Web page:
Practice Relating to Rule 81. Restrictions on the Use of Landmines
In 1974, during discussions in the Ad Hoc Committee on Conventional Weapons established by the CDDH, the representative of Kuwait stated:
17. … As a defensive measure, the practice of laying mine-fields – provided that they were properly marked for the benefit of the local population and friendly forces – could not be prohibited. it supported restrictions on the use of mines as a defensive weapon and that their use as offensive weapons should be prohibited … He himself considered that the use of anti-personnel landmines for the purpose of paralysing the enemy’s movements was acceptable.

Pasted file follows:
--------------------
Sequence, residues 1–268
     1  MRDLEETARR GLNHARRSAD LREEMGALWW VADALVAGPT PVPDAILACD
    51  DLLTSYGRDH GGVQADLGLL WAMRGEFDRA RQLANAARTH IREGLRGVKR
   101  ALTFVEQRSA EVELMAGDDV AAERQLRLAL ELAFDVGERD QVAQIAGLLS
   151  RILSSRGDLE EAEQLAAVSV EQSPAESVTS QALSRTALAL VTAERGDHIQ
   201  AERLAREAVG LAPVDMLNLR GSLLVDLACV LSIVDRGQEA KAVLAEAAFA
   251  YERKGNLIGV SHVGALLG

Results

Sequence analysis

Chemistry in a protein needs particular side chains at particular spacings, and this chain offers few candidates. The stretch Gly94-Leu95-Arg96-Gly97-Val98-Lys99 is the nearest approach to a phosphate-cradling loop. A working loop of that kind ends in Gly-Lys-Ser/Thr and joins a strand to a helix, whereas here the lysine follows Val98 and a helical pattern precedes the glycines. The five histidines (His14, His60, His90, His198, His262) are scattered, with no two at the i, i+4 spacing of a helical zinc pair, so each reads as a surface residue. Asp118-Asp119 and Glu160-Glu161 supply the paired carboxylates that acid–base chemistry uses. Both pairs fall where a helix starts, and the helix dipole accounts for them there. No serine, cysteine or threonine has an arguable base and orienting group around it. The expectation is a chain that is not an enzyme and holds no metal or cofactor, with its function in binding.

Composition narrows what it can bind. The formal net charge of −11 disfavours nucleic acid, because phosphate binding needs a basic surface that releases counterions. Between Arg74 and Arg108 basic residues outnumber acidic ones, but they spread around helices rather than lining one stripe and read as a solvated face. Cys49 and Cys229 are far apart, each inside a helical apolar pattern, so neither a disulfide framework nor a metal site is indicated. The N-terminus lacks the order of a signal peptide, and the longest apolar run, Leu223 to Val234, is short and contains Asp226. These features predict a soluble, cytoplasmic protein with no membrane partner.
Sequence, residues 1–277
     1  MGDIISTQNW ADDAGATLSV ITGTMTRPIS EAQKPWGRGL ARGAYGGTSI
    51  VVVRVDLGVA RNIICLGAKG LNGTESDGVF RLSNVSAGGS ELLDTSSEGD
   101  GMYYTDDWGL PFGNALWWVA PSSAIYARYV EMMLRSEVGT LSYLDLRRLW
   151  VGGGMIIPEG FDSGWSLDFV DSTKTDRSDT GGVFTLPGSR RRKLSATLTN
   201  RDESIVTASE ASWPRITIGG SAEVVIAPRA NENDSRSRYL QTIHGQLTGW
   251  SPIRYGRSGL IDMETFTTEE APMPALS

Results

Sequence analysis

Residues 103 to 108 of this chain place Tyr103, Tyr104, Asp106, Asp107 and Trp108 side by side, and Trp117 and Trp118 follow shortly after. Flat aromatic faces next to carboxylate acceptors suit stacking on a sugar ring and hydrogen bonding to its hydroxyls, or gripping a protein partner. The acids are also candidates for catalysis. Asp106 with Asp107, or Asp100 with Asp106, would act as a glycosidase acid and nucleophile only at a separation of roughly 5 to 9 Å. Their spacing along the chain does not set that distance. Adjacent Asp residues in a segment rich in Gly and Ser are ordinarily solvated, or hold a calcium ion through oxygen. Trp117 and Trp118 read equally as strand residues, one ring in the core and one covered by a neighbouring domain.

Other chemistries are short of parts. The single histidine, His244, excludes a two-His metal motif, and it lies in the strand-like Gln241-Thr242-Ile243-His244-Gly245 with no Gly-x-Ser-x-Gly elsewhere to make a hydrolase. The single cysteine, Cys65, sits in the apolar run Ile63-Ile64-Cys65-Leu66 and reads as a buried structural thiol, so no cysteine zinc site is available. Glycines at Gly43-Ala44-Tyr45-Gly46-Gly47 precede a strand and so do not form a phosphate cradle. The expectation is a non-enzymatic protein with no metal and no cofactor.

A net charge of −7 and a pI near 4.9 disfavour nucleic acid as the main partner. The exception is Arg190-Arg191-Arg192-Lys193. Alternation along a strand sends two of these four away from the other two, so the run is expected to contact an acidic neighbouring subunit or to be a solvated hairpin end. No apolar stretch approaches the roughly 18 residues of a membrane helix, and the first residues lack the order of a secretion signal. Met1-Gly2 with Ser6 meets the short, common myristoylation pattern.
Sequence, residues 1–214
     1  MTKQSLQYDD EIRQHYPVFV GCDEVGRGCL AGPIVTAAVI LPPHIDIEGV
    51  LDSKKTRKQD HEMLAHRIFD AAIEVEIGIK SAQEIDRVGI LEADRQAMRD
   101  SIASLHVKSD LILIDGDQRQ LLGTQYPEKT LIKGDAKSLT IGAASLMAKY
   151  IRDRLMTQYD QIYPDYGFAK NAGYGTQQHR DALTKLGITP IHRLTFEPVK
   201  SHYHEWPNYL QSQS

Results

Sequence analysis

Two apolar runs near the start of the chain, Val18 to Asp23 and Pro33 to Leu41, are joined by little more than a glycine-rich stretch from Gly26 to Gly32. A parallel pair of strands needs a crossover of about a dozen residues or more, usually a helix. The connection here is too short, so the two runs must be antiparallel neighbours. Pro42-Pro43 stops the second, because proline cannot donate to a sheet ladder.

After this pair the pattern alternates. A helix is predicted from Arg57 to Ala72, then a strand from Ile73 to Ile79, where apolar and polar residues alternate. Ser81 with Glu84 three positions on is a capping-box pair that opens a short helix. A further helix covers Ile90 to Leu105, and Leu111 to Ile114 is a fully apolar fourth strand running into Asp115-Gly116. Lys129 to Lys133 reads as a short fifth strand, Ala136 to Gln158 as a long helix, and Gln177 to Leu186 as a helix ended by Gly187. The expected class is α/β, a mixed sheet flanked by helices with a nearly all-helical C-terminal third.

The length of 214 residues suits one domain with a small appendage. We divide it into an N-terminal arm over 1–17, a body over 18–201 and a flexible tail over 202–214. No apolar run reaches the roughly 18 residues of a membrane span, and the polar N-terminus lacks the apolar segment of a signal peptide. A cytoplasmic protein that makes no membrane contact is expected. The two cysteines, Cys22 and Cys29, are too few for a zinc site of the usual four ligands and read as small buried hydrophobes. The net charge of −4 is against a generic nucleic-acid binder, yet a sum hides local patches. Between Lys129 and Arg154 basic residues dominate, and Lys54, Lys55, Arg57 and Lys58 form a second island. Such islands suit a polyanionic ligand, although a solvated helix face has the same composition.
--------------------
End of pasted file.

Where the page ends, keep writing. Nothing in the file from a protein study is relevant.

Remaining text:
18. On the other hand, he stressed the danger to civilians as well as to members of the armed forces of air-delivered mines, which were likely to strike indiscriminately, especially if they were scattered over a wide area. He therefore considered that, in the case of delayed-action and treacherous weapons, it was better to make every effort to provide a rule for limiting their use rather than to try to lay stress on their inhuman aspects or the medical results they produced, and that the best course would be to regard them as defensive weapons and to prohibit their use as offensive weapons.